Retirement at a Glance

November 22, 2021

Monthly insights and facts on the capital markets and retirement industry

  1. CLOSING BACK DOOR ON ROTH – As part of the $3.5 trillion budget reconciliation bill, the House Ways and Means Committee is proposing to eliminate conversions of after-tax qualified plan assets and nondeductible IRA dollars to a Roth IRA –for all taxpayers. This provision could be effective as early as 1/1/2022 (source: Build Back Better Act).

  2. CLOSING FRONT DOOR ON ROTH – Another proposal currently being considered would eliminate the ability to convert any retirement assets to a Roth IRA or in-plan Roth account for single taxpayers earning more than $400,000 and married taxpayers earning more than $450,000. If passed, this provision would not be effective until 1/1/2032 (source: Build Back Better Act).

  3. TAPPING OUT AT 62 – Whether it’s part of the Great Resignation or workers are becoming more realistic about retirement age, only 50.1% of workers this year expect they’ll still be working past age 62. That percentage drops to 46.6% for those older than45 (source: New York Federal Reserve).

  4. SIGNS POINT TO SIDECAR SAVINGS – Over ½ (54%) of employees surveyed said their retirement plan savings are the only emergency savings they have. Approximately ¼ (23%) say they are currently offered a payroll deduction emergency savings fund at work and 53% of those offered have used it. Of those who have not been offered this benefit, 68% say they would use it if available (source: Employee Benefit Research Institute (EBRI)).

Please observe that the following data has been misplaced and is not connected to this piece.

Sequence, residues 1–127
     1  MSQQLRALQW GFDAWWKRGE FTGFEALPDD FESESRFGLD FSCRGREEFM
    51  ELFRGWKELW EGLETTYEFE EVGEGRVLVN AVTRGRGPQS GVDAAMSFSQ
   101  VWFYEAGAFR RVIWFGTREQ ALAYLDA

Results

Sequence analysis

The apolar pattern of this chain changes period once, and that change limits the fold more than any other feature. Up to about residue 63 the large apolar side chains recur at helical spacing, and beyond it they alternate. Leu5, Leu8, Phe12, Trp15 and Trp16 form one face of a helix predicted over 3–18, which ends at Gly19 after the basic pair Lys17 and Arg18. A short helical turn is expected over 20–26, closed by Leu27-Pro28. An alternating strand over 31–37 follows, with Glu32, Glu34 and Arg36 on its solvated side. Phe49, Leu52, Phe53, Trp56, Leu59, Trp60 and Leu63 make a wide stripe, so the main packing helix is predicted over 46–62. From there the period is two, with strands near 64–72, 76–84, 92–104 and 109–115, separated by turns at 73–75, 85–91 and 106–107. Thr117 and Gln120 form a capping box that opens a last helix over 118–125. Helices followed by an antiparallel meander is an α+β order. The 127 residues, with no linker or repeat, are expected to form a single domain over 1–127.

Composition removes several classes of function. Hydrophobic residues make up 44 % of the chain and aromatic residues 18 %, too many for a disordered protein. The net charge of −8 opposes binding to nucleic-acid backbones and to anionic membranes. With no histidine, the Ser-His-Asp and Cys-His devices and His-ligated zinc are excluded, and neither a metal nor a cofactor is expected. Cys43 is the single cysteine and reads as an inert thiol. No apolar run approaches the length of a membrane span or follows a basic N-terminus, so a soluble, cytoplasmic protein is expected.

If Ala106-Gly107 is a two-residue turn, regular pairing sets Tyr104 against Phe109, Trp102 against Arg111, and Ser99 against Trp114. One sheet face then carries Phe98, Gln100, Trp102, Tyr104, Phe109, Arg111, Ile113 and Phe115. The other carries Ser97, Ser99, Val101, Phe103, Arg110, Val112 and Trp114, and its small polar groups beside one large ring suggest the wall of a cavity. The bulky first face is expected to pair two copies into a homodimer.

5. TO ROLL OR NOT TO ROLL, FEES ARE NOT THE QUESTION – Almost half (46%) of recent retirees rolled their retirement plan savings to an IRA, and 54% stayed in their former employer’s plan. Only 13% said low fees were the most important reason for staying, while 55% said their employer plan’s investment options were the primary reason. Of those who did roll over to an IRA, 25% cited access to professional advice as the most important reason (source: The Pew Research Center).

  6. HOW TO TAME TURNOVER – Employers underestimate the value of benefits to employees. When asked to rank the reasons why they were looking for a new job, employees ranked wages/salaries first, then benefits. When employers were asked why they have turnover, they also ranked wages/salaries as #1, then flexibility, then career advancement, then benefits (source: PwC).

  7. SOME REGRETS – The main regrets retirees have about retirement savings are not saving enough and not starting early enough. But 35% of workers ages 62-66 also regret not having consulted a financial advisor (source: Insured Retirement Institute).

  8. HEALTH/WEALTH COMBO – One study shows that although 56% of 401(k) plan participants reduced their 401(k) contributions in the first year they made an HSA contribution, the decrease was generally not a significant amount. Decreases in 401(k) contributions were more significant for those who contributed $8,501 or more to their 401(k) plans (source: EBRI).

  9. THE YIN AND YANG OF TAXES – The tax benefits associated with retirement savings encourage workers to save but are viewed by Congress as tax “expenditures.” Costing the federal government $153.6 billion in tax revenue for DC plan contributions and earnings and $23.8 billion for IRA contributions and earnings in FY 2020, they are one of the largest categories of revenue losses attributable to provisions in the tax code (source: Joint Committee on Taxation).

  10. WHO’S SERVING THANKSGIVING DINNER? – The first Thanksgiving harvest celebration took place in the fall of 1621. Just 4 women supervised the food preparations for a 3-day feast for 50 colonists and 90 Wampanoag People. But it was common for Pilgrims to have the children serve as the adults sat down to eat (source: National Conference of State Legislatures).

    Among those age 40 or younger, 73% rely on a Google search to find a financial advisor and 53% use LinkedIn. What do you think are the top 5 reasons investors give for selecting an advisor?